I have always been a people person. So much so that when I was a teenager I was constantly, and I mean constantly, in pursuit of companionship. So different from my own, introverted daughter who delights in alone time. Too much so, I sometimes wonder, but who am I to say?

My fixation on being with others during my teenage years concerned my mother. I recall her ever so gently encouraging me to try, just try, taking pleasure in the company of a good book from time to time, rather than always seeking out others.

The concept of alone time seemed positively ludicrous to me back then. Why, when I could be with others, would I choose to be with myself?

– Related reading: Karin Arndt explores the fear of being alone, especially among women –

I wanted, or rather, I needed to be with others. Always. Perhaps due to typical teenage boredom. Perhaps due to the profound dislike I had for myself at the time. Most likely a combination of the two.

In my twenties and early thirties, I was much the same. If I wasn’t out with friends, I was desperately trying to reach them by phone so that we could make plans to see a movie, catch some live music, go for coffee, grab a drink, anything, anywhere, I didn’t care. As long as I wasn’t home alone.

Oh, and I dated. A lot. One long-term relationship after another after another. I loved them all, but not really. Some, yes. But most of them, no. I just told myself I did to justify the attachment.

Of course, I had plenty of alone time in between relationships.

But it wasn’t the type of alone time my mother had in mind for me. It was painful and wrought with longing for the next distraction to come into my life and save me from myself.

And that’s why I am sitting here right now, solitary (except for the dog and a few flies that snuck their way into the house) contemplating the exceptional joy I feel in this moment I am sharing with nobody but myself. It is blissful.

I don’t quite know how I came to be so comfortable with my own company; only that I did.

I suspect the journey may have begun when I started taking anti-depressants a decade or so ago. Within hours of swallowing my first 10 mg pill, the incessant chatter in my head suddenly came to a halt.

Now that I think of it, perhaps I so desperately sought out others so that their voices could suppress the less attractive voices in my own head, but I’m just guessing. All I know is this: the incessant chatter in my head was instantly replaced with space. The noise stopped as abruptly as a hamster wheel stops when it encounters human intervention.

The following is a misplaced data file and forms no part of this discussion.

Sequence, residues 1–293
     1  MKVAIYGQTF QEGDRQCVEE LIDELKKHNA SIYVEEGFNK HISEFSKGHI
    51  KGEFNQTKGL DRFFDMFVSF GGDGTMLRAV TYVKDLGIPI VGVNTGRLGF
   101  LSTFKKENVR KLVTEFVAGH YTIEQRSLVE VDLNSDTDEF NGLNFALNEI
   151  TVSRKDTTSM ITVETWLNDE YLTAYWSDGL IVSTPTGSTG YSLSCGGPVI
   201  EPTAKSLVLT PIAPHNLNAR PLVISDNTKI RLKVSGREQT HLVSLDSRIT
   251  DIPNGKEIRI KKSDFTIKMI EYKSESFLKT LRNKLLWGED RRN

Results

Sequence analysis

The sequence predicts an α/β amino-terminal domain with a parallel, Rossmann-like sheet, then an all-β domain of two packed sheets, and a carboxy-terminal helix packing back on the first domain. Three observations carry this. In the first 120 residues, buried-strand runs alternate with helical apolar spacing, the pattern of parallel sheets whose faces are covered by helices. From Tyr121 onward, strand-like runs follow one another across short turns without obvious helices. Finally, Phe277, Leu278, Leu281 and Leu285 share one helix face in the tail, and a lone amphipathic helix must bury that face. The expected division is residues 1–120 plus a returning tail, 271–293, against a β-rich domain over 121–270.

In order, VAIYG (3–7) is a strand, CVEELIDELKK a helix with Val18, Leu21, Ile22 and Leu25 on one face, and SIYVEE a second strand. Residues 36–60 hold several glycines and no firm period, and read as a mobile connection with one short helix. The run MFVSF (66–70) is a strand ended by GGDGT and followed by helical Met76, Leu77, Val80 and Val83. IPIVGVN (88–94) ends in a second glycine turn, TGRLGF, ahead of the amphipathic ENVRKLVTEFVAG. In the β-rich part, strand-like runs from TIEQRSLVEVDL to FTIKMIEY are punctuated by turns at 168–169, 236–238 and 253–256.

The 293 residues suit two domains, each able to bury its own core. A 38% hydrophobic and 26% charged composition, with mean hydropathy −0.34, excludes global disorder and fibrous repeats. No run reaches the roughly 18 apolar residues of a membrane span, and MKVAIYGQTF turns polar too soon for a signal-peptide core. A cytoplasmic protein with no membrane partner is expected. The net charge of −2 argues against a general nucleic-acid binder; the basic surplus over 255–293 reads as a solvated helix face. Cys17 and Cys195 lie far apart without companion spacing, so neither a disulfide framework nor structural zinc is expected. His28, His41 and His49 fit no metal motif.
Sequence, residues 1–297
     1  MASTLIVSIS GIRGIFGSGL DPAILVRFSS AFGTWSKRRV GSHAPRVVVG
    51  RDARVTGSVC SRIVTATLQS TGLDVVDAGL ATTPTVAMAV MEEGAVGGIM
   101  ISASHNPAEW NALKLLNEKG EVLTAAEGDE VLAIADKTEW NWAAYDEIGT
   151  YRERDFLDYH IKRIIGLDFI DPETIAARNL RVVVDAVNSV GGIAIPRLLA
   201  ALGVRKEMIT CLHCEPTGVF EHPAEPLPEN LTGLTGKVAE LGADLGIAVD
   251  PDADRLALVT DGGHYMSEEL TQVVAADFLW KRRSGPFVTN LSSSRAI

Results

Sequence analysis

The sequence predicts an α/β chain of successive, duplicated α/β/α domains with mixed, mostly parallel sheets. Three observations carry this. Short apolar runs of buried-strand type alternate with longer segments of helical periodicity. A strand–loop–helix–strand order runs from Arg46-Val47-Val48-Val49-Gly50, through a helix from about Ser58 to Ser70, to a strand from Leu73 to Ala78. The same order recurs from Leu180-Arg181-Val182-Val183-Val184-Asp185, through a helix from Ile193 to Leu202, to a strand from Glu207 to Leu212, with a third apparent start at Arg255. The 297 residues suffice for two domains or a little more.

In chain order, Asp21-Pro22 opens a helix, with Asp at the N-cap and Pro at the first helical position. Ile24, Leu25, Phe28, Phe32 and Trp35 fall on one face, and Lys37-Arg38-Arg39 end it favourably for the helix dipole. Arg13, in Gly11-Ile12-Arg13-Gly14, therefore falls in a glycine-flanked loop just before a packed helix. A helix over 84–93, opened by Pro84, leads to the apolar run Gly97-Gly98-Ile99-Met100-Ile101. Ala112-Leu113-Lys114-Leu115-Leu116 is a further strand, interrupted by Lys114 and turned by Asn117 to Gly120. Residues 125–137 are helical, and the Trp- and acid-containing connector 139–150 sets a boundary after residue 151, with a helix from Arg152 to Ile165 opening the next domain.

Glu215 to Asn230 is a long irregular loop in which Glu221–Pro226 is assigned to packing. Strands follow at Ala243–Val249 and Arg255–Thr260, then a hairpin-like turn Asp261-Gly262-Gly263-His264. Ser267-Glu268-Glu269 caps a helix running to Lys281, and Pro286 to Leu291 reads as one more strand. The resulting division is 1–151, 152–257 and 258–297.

I never used to be comfortable with silence. Now, I crave it.

When I was younger, if a room was quiet you could count on me to fill the void. And if it wasn’t quiet, you could count on me to fill the breaths between other people’s voices with utter nonsense. Anything but quiet. Now, though, I’ll go out of my way to find silence.

The other day, I unrolled my yoga mat onto the living room floor (there’s a lot we can learn from yoga). I opened my laptop and indulged in a 45-minute audio class recorded by one of my favourite instructors. She has a voice like honey. The practice was sweet. I surrendered to her direction and moved with ease. Before I knew it, it was time for Shavasana.

“Find deep rest and relaxation,” she said. Resting in Shavasana has never been a challenge for me. Staying awake while resting in Shavasana has been. That day, though, it wasn’t.

As I lay that there quietly, I was not only aware of my stillness; I was aware of hers. I listened actively to a good five minutes of pure silence and as I did so, I marveled at the confidence it takes be still, alone, and quiet. How much easier it would surely be for her to fill or, at the very least, pepper the silence with words of reassurance – redundant words like “just keep breathing.” As if we’d actually stop.

And then I took a moment to appreciate how the silence I once so adamantly avoided was adding to the quality of my alone time.

Alone time allows us to quiet our thoughts, settle our nerves, and listen to our hearts. It helps us uncover what’s missing from our lives, and equally valuable, what we actually have. It encourages us to be still and present and authentic. No performance required.

Not only is it a gift we should have the grace to give others; it is a gift we should all learn to give ourselves. If you haven’t mastered the art, begin your practice now.

Viv for today xo

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